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The Role of Software Engineering Brief overview of relationship of SE to managing DSD risks 1.

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Presentation on theme: "The Role of Software Engineering Brief overview of relationship of SE to managing DSD risks 1."— Presentation transcript:

1 The Role of Software Engineering Brief overview of relationship of SE to managing DSD risks 1

2 Outline Role of software engineering –Purpose of software engineering –Software engineering areas addressing DSD risks Process management Requirements negotiation and specification Design for collaborative development Project Introduction: Mobile Face Recognition System In class assessment questionnaire © S. Faulk 2010 2

3 Objectives Key property distinguishing DSD “The key phenomenon of DSD is coordination over distance.” – J. Herbsleb (2007) Overall goal is to produce the right software on time with available resources Implies the need to coordinate the work among distributed team members such that –Every task gets done –Tasks are done in the right order –Resources are allocated so tasks are done on time by the right people © S. Faulk 2010 3

4 Purpose of SW Engineering The purpose of software engineering is to gain and maintain intellectual and managerial control over the products and processes of software development* –“Intellectual control” means that we are able make rational technical choices based on an understanding of the downstream effects of those choices –Managerial control means we are able to make rational choices about development resources (budget, schedule, personnel) to deliver software on time and within budget *Memorize this! © S. Faulk 2010 4

5 Meaning of Intellectual Control Software development progresses though a sequence of decisions –Decisions about requirements (e.g., tradeoffs, priority) –Design decisions (e.g., first decomposition) Earlier decisions affect the difficulty of later decisions –Ensuring that we end up with the desired properties requires making the right decisions in the right order –E.g., cannot add properties like security late in the game, Windows demonstrates this vs. OSX (Unix private address space) Being in control means we can: –Decide in advance the functional and non-functional requirements the software should satisfy –Proceed systematically though the steps of software development to produce a system meeting those requirements © S. Faulk 2010 5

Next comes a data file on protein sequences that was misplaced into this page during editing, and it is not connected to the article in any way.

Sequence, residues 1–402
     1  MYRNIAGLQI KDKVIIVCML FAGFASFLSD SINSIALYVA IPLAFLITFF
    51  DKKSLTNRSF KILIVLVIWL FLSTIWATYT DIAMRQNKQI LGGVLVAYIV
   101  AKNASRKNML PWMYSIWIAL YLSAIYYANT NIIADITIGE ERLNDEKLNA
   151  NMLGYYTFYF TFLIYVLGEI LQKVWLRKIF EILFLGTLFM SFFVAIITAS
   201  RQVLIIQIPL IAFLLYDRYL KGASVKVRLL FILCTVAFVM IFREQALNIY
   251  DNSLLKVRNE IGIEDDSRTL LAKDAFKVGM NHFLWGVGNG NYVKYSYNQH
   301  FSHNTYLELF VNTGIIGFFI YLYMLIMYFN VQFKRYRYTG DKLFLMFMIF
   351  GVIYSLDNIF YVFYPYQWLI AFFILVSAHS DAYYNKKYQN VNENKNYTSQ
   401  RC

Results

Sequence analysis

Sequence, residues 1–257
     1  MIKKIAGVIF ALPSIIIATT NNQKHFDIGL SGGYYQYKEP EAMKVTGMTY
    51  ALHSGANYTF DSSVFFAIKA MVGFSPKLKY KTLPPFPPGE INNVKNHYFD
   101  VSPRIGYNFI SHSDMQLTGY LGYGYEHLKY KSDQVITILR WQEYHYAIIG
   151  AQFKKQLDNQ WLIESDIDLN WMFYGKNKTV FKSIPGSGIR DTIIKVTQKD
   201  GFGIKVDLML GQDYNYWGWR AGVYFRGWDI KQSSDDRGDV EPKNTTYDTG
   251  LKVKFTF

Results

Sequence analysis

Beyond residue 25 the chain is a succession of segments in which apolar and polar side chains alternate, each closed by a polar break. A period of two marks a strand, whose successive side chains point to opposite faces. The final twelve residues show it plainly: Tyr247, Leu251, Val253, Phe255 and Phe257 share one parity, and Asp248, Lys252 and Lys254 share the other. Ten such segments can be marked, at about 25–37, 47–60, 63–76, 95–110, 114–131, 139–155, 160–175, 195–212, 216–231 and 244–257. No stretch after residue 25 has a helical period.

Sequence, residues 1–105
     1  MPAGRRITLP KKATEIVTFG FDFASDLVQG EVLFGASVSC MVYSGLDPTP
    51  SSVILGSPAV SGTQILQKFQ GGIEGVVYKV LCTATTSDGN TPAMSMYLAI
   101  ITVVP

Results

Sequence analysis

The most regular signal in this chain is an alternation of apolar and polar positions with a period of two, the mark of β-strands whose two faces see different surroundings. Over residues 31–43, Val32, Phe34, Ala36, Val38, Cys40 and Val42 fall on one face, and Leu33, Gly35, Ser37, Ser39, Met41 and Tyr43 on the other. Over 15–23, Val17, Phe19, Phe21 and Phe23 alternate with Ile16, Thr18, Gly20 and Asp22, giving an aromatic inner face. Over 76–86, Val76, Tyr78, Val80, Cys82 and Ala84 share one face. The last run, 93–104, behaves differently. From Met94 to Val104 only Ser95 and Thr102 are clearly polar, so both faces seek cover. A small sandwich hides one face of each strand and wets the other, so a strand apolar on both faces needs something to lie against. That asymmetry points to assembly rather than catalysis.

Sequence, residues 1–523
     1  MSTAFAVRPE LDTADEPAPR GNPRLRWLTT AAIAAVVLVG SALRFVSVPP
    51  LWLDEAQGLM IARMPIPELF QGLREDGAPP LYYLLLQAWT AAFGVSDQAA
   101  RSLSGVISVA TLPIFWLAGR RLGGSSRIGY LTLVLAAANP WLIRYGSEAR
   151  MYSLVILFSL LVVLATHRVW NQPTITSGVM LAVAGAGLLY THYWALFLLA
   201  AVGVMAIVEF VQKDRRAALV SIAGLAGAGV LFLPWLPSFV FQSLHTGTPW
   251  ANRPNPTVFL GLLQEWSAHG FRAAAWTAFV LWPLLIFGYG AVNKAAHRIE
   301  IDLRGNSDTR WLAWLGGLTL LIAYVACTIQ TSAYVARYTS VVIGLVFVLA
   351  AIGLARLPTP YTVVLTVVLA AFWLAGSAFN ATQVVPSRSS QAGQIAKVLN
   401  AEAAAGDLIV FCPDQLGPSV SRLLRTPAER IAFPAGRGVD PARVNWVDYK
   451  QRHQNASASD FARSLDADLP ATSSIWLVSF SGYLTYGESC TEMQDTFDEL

6 Meaning of Managerial Control Managerial control means we are able to make rational choices about development resources Real projects have finite set of resources: time, people, money Must choose where, when, and how much resources are allocated Being in control means we can: –Decide in advance the level of recourses needed to deliver software meeting requirements –Deliver that software on time and within budget © S. Faulk 2010 6

7 Analogy to Driving a Car Driving a car –In control: decide in advance where we want to go, how long, it should take, how much fuel it will take –Out of control: end up at a different destination, takes twice as long as expected, uses twice as much fuel, etc. Managing a software project –In control: decide in advance what capabilities and properties the software will have, how long it will take, how much effort –Out of control: software is delivered with less or wrong capabilities, delivered late, over budget Many software projects are out of control in this sense –Perfect control is not possible –Requires constant feedback and correction © S. Faulk 2010 7